I’ve read very few folk tales or traditional stories for a while, but my understanding of that world and mentality is still pretty solid. When I read a fantasy that has fairy tale or mythic roots I can catch the multiple layers pretty effectively.
A year ago I started looking for good self-published books to read, and this was one of the first I bought. It was a cute take on the arranged-marriage trope, with the (new to me) twist that the bride-to-be was willing to accept her “fate” and wasn’t a jerk to the guy and having to be won over.
What grabbed me wasn’t so much the story itself as the treatment/behavior of the fae, and the Faerie King in particular. The fae were portrayed in an utterly traditional way, with all their predictable selfishness and capricious unpredictability.
The ultimate story-climax-question became Will the Faerie King be just? Will he do what’s good for these good people, who’ve served him all their lives?
And because the faerie king has all the power to do anything with impunity, there’s a real sense of peril. There is the genuine question, since (as a Young Adult novel) this romance isn’t guaranteed the genre’s usual happy ending.
The heroine’s family of origin is blessedly intact and tight (unique and cheer-worthy in YA), but they’ve grown up working for the fae. They (the family) know the faerie folk’s power and inscrutableness, and as much as the humans hope for the good, I got the feeling their long experience also blunted their expectation, tempered their painful hope to the possibility that what they desired — the thing they knew would be right and decent and essential to happiness — might be denied.
And in real-life, sprawled out reading, I was hit with an almost physical ache. Because I recognized that holding-back.
It was painfully familiar. I’d instilled it in myself over years: through ways of praying, fed by fears that cultivated a drive to self-preservation. I’d scraped together a bark shield in an effort to blunt the pain of deep disappointment and loss.
I had done it all within context and language of religious community. I listened to the pedantic reminders that “God’s ways are higher than ours” (Is. 55:9), and “How inscrutable His ways” (Rom. 11:33).
Through distancing rationalization, I hid behind that flimsy shield in a dull attempt to save myself from further pain. If I didn’t expect too much – or if expected a lot, and was prepared to live without, “be it God’s will” – maybe I could avoid deep disappointment.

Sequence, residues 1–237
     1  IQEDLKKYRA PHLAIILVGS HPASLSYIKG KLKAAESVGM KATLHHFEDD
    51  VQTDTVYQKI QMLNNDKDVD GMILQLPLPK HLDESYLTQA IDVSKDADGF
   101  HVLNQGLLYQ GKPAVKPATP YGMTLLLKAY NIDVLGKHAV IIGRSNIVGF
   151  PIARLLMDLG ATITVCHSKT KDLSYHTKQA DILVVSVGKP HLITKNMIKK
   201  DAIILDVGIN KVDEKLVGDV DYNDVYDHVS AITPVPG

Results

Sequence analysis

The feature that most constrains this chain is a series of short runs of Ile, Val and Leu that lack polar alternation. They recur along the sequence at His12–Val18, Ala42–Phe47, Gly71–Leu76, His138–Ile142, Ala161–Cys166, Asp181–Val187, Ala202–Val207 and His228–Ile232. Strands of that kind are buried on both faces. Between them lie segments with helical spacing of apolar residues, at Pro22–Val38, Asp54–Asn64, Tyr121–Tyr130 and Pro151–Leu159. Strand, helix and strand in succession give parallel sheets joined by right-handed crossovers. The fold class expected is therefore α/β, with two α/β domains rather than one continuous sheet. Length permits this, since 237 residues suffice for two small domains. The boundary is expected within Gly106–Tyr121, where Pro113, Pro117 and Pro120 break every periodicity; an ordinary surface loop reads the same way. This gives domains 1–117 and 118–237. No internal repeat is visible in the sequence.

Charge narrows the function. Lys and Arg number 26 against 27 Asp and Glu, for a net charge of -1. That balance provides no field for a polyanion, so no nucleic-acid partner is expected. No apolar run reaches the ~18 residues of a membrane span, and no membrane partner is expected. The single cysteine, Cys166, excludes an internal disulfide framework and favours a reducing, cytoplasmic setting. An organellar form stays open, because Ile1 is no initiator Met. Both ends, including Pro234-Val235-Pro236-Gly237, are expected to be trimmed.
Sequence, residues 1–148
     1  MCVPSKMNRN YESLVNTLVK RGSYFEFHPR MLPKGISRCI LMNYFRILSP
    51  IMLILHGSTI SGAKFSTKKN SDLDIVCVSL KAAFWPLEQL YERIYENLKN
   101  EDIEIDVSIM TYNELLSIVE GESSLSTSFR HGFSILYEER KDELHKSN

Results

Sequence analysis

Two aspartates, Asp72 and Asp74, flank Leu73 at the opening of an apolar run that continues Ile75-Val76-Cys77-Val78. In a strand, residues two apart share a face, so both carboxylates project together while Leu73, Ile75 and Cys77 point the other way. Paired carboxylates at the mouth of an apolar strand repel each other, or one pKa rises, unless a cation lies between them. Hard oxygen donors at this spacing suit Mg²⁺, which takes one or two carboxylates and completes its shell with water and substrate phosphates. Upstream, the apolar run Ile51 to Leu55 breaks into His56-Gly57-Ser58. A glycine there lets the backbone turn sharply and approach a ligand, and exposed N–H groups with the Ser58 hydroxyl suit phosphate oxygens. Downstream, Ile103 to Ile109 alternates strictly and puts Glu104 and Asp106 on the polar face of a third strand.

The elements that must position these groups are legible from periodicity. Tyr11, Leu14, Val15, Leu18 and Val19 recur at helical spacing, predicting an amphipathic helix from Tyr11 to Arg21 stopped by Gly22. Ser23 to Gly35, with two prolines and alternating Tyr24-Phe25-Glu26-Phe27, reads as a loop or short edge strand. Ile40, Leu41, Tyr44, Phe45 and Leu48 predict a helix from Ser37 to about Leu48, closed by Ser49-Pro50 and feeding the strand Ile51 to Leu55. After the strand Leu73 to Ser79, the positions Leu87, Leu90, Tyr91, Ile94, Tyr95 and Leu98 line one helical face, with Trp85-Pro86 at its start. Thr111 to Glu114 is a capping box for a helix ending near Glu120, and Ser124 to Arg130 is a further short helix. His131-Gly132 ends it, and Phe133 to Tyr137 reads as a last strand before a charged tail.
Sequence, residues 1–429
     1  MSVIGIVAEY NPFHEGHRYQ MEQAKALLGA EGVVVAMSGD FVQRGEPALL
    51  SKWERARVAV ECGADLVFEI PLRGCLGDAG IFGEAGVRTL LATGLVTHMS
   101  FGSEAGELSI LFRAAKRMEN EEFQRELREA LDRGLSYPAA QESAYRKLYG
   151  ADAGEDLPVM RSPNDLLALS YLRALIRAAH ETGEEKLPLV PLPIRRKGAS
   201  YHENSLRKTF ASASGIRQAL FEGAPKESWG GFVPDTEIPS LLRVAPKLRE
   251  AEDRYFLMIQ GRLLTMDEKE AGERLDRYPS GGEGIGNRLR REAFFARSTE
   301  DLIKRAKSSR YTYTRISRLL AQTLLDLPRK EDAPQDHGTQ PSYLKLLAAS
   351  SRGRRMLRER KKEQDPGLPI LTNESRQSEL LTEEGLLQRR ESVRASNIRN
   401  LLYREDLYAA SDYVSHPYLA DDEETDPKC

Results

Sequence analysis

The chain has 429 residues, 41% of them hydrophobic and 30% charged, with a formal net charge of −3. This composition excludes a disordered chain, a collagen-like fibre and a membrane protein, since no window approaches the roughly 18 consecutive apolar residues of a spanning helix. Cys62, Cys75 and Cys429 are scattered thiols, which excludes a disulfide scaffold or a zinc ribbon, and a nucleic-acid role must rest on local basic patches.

When I saw how this family’s response to petitioning the Faerie King paralleled my attitude in asking God for Deep Important Things, my eyes were opened to the sickness of it all.
I feared (not too-strong a word) a god I saw as capricious, and once I realized I was afraid, it disgusted me. Because the God I worshiped did not ask (or inspire) me to fear him in that way. It was a muddled attempt to survive pain, and that muddledness distorted my view of the power that touches my life.
I know the difference between the Faerie King and the God I love, and having that stark a contrast, having that vocabulary, helped me peel back some of the distortion that had been weighing on me.
I looked back at the Isaiah 55 passage and saw it wasn’t designed as an excuse for God being confusing, it was a celebration of his incomprehensible generosity. The same with Romans 11– we don’t have the wiring to conceive of the kind of love and generosity that roots such openness and availability.
That’s why it has to be told to us, and told to us again.
According to a study published in 1998, it takes the average child between four and fourteen exposures to learn a new fact. Some children need over twenty exposures for something to stick.
I am 36 years old. I grew up with sermons and Sunday school, and given the topic I can predict a lot of what’s going to come out of a given pastor’s mouth. I am not short on knowledge, or a critical number of times to hear “Jesus loves me.”
But it took throwing the love of God into stark contrast with the bone-deep fear of power without love before this piece of him broke through (again?): God is dependable.
My lack of understanding (even of big things), and my grief and pain (which are real and often enduring) do not negate the dependability of God.
Since I’m constantly depending on this truth, I had to have known it already, but somehow I felt this other side. A fear of pain. I had my walls up, bracing myself for the time he doesn’t do what I need. And what I’m still wrapping my head around, is that God promises to give us the desires of our heart.
I don’t know how that reads in the original language, but in English that phrasing doesn’t just mean God gives us what we want, he gives us what to want. I put that all in the Mystery category.
There is so much I don’t understand, but I know God wants to give us good things. “So if you sinful people know how to give good gifts to your children, how much more will your heavenly Father give good gifts to those who ask him.” (Matt. 7:11)
There’s no way for us to completely understand God.
Metaphor, analogy, simile and Story are all essential to drawing near to him in understanding, but the difference between our God and every other entity in eternity is that a) he wants to be known, and b) he is able to make up what is lacking in our understanding.
His constancy, his desire to be in relationship with us, is bigger than our ignorance, confusion, or misunderstanding. I’m thankful for the way God uses even seemingly unconnected elements to reveal and highlight his character, because even if I don’t have enough ink to tell you all God IS, I can know bone-deep what he isn’t, and even find security in that.